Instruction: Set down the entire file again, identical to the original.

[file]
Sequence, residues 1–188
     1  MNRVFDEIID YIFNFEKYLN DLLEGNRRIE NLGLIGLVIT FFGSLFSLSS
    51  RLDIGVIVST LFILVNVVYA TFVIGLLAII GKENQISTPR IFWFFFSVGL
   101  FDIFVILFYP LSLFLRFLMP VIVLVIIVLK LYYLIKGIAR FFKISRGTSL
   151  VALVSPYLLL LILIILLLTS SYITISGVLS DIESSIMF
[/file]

Sequence, residues 1–188
     1  MNRVFDEIID YIFNFEKYLN DLLEGNRRIE NLGLIGLVIT FFGSLFSLSS
    51  RLDIGVIVST LFILVNVVYA TFVIGLLAII GKENQISTPR IFWFFFSVGL
   101  FDIFVILFYP LSLFLRFLMP VIVLVIIVLK LYYLIKGIAR FFKISRGTSL
   151  VALVSPYLLL LILIILLLTS SYITISGVLS DIESSIMF